Friday evening, lawmakers amended HB22-1287, ‘Protections For Mobile Home Park Residents,’ to remove a strict rent control provision on Colorado’s mobile home parks. If passed, it would have become the first statewide rent control in Colorado’s history and would have reduced both the quantity and quality of the state’s mobile housing stock. Governor Polis helped spur Friday evening’s amendment, threatening to veto the bill if its rent control provision was not removed. This was a prudent step toward the Polis administration’s goal of increasing Colorado’s housing supply.

“We applaud Governor Polis’ opposition to statewide rent control – legislation that risked worsening Colorado’s already-severe housing shortage,” said Drew Hamrick, senior vice president of government affairs and general counsel for the Colorado Apartment Association. “Across the country, rent control has a legacy of decimating cities’ housing stock. If lawmakers hope to bring down housing costs, we encourage them to create new incentives to build, not tear existing ones down. Governor Polis has again demonstrated his commitment to affordable housing in Colorado and the economic sophistication required to achieve those goals.”

Unmet demand continues to fuel rising costs across Colorado’s housing market. As developers struggle to keep pace with population growth, the state’s supply-demand gap grows, with multiple Coloradans competing for every available unit. The shortage of housing units now exceeds 113,000. This crunch is especially burdensome for Colorado’s low-and-fixed-income residents, who are at a competitive disadvantage when prices are bid up. HB22-1287’s rent control provision was an ill-advised attempt to bring down costs – one that didn’t just fail to address the issue, but risked worsening it.

Rent control artificially reduces housing units’ value, forcing housing providers to offer their properties at below-market rates. This dramatically reduces developers’ incentive to construct new units, as the artificially deflated rental market offers a lower return on investment. In cities that implement rent control, new construction decreases dramatically, producing substantial declines in the availability of rental housing.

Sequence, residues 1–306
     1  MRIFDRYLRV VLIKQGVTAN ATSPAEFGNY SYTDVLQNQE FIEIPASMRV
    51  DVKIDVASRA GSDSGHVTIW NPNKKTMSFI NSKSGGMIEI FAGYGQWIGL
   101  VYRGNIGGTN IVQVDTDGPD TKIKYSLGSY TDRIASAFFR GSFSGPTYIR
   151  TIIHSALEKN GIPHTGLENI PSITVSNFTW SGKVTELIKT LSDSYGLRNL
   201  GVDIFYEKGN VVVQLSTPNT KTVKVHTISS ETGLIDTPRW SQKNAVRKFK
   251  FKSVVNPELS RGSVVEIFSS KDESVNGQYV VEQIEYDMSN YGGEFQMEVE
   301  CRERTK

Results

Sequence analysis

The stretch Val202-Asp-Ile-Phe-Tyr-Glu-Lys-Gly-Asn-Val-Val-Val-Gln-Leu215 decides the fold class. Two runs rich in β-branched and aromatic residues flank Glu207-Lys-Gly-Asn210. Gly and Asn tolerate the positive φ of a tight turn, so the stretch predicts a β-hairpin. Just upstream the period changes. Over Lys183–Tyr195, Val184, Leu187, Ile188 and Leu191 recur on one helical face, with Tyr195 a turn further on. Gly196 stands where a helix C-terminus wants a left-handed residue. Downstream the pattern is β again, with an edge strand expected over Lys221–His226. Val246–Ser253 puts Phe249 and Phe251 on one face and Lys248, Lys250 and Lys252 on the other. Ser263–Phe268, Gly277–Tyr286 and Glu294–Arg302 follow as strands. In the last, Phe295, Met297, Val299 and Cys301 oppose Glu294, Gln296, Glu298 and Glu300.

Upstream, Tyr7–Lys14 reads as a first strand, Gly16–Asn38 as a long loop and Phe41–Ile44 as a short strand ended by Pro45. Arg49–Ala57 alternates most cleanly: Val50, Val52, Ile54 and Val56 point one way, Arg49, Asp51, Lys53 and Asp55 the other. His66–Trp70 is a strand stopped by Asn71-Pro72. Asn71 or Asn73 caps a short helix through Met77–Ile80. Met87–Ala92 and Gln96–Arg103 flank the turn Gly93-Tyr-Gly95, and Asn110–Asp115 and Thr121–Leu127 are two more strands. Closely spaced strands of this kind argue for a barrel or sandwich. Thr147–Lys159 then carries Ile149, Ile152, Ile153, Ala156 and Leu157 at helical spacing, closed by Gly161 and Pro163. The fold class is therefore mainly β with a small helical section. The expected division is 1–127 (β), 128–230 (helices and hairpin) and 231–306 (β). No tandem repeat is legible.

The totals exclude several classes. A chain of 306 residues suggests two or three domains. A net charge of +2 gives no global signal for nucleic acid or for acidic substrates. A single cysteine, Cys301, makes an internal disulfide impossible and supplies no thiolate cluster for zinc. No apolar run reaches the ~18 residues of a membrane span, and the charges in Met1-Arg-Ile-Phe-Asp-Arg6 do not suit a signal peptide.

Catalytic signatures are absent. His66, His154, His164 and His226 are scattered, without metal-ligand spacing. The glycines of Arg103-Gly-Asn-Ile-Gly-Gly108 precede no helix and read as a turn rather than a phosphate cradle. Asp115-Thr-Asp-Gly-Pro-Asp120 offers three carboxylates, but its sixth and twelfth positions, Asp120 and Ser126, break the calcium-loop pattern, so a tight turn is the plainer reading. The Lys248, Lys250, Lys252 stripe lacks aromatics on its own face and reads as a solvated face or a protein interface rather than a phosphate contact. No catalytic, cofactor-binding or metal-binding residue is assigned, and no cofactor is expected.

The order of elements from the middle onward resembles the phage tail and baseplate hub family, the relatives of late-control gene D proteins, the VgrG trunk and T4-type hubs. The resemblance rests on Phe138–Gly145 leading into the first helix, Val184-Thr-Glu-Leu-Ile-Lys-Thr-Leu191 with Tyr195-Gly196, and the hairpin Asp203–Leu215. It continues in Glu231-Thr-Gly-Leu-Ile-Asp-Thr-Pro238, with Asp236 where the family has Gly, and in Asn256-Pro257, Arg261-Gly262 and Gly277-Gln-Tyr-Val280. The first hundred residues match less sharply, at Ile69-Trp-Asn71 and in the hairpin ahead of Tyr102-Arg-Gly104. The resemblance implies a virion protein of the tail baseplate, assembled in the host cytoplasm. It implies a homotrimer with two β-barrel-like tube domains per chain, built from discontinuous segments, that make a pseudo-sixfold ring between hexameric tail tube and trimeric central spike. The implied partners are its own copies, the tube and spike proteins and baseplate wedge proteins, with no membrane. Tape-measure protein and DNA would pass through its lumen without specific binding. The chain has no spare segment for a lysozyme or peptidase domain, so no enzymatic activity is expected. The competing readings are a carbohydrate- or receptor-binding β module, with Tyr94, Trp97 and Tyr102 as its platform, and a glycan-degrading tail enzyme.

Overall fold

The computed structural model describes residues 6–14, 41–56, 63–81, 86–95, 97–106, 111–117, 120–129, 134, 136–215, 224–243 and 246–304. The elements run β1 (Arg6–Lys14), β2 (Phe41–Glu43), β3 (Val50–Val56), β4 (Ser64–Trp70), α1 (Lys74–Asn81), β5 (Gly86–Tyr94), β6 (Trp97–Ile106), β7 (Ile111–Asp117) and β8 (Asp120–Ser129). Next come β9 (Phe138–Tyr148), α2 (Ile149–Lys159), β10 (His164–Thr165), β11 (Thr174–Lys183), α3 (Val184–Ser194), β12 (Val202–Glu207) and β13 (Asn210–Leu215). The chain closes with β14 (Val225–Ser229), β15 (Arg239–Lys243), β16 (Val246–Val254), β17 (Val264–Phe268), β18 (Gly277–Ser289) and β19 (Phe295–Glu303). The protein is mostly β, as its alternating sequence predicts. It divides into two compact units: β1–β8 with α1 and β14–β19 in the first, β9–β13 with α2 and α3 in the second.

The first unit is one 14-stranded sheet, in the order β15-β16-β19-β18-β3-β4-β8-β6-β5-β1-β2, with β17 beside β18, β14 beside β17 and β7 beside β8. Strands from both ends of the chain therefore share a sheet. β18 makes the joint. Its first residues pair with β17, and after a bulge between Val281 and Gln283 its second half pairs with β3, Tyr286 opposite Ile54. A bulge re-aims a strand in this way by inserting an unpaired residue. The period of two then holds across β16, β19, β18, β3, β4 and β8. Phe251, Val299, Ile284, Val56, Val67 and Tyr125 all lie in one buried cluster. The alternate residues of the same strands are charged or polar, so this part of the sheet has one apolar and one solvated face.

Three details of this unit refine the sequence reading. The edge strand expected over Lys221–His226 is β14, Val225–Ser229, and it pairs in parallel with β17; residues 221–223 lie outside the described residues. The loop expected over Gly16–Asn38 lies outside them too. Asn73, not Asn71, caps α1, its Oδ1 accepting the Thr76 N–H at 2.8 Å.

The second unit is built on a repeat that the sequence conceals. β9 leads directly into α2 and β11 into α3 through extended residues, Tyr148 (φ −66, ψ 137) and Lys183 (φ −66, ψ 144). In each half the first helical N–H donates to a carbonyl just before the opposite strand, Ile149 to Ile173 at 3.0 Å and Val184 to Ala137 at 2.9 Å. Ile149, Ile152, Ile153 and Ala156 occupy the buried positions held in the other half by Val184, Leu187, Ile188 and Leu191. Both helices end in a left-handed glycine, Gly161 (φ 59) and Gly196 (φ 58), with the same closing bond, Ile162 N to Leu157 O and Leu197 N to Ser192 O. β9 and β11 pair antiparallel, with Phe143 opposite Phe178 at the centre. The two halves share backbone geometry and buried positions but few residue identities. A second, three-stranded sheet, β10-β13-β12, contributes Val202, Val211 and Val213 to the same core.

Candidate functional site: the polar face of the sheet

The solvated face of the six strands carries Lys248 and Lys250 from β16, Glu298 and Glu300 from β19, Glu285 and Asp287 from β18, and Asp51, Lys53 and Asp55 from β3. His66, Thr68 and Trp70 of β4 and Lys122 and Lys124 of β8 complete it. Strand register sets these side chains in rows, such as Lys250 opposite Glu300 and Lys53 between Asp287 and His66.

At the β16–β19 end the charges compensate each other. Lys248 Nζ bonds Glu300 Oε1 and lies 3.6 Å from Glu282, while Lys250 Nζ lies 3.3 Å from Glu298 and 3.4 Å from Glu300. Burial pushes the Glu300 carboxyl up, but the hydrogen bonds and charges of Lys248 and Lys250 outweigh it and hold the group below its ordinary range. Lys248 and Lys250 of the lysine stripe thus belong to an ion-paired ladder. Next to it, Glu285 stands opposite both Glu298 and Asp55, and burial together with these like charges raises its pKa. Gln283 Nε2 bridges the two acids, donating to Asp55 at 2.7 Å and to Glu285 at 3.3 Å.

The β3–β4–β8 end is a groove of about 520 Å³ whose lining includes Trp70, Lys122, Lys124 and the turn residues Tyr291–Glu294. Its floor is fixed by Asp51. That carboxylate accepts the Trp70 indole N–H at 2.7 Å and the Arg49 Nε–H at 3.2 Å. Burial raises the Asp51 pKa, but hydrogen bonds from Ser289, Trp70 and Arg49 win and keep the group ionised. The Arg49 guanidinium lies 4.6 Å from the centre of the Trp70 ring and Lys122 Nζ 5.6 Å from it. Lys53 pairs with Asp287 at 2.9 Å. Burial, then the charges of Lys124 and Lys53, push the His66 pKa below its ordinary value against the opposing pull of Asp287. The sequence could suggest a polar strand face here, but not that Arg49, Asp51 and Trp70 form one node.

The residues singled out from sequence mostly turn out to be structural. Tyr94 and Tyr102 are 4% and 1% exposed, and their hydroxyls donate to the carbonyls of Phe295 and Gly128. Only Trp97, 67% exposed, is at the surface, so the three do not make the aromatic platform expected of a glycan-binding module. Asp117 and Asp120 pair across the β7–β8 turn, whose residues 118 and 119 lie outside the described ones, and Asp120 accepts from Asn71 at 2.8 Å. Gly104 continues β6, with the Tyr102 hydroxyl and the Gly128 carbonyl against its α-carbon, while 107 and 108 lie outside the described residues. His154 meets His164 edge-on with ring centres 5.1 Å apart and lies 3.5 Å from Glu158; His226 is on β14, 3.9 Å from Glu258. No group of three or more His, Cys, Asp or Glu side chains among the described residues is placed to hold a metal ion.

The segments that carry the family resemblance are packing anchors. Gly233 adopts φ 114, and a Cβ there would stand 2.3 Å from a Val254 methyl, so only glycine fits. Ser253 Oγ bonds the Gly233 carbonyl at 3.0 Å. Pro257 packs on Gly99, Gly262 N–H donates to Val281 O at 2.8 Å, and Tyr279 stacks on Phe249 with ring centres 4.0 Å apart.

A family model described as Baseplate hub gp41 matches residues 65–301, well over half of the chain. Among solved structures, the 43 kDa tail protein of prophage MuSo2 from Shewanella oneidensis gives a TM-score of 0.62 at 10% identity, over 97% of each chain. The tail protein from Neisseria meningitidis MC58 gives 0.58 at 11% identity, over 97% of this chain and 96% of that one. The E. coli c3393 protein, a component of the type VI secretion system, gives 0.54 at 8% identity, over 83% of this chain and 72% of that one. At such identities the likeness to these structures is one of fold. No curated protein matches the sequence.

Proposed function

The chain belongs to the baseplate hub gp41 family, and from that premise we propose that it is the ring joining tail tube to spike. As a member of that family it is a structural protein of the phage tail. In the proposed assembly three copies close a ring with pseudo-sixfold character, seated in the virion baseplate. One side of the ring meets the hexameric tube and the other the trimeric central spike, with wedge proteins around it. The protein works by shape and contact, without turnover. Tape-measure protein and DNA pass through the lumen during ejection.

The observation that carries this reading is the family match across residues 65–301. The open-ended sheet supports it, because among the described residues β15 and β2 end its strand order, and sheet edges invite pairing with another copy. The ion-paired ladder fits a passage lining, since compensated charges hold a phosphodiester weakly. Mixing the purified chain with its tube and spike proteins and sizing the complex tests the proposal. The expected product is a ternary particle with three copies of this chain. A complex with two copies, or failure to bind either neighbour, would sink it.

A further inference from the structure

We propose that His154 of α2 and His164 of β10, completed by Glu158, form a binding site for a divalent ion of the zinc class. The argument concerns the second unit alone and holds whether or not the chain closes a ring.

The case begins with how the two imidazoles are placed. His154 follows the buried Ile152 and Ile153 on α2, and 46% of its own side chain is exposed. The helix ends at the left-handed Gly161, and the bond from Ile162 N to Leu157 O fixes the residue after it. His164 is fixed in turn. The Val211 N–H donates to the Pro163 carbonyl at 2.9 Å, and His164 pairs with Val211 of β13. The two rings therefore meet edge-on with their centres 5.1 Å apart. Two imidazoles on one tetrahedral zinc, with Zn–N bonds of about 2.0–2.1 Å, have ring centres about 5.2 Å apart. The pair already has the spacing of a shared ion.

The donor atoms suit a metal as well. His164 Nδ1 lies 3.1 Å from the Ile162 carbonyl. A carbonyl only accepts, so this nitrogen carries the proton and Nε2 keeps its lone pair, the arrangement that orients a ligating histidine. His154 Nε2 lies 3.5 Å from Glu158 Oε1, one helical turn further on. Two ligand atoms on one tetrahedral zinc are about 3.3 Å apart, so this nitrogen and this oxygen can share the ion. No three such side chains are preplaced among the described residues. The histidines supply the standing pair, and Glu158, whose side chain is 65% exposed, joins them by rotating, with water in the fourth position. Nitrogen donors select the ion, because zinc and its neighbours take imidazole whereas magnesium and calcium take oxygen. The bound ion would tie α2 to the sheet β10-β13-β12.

“The rent control provision in HB22-1287 would have significantly constrained future growth in Colorado’s mobile home industry,” said Mark Williams, executive vice president of the Colorado Apartment Association. “Mobile-home parks are a small but important provider of unsubsidized, affordable housing in Colorado. We’re grateful for the governor’s opposition to lawmakers’ misguided targeting of this valuable supplier of housing.”

To bring down costs, Colorado must embrace common-sense solutions to the statewide housing crunch, incentivizing developers to invest in new high-density builds. If Colorado fails to increase its rate of construction, housing demand will continue to go unmet, and housing costs will rise across the board. Tax credits, development grants and permit-fee reductions are examples of effective, pro-building policies that Colorado’s lawmakers should adopt. To learn more about housing affordability in Colorado – or to better understand the negative impacts of rent control – visit

About the Colorado Apartment Association

The Colorado Apartment Association (CAA) is a non-profit trade association representing owners, developers, management companies, and Supplier Partners of the multifamily rental housing industry. CAA is comprised of four local affiliates from across the state. The association represents over 3,000 members who own and manage over 375,000 apartment homes, which totals more than $88 billion in assets. Together with the local affiliates, the National Multifamily Housing Council, and the National Apartment Association, CAA offers a strong network of information, education and representation of the multifamily housing industry.